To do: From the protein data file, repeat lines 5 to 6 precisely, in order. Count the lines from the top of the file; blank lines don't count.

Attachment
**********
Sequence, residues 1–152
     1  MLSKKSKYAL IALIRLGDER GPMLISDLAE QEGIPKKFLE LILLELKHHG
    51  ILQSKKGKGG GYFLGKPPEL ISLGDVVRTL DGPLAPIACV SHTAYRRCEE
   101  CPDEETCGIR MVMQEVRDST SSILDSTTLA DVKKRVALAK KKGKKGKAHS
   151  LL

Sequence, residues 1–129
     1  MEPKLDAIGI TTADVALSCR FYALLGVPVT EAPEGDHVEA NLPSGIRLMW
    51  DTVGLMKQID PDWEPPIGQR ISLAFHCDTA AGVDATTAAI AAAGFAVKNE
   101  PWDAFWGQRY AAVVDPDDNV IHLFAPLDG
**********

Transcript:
   151  LL

Sequence, residues 1–129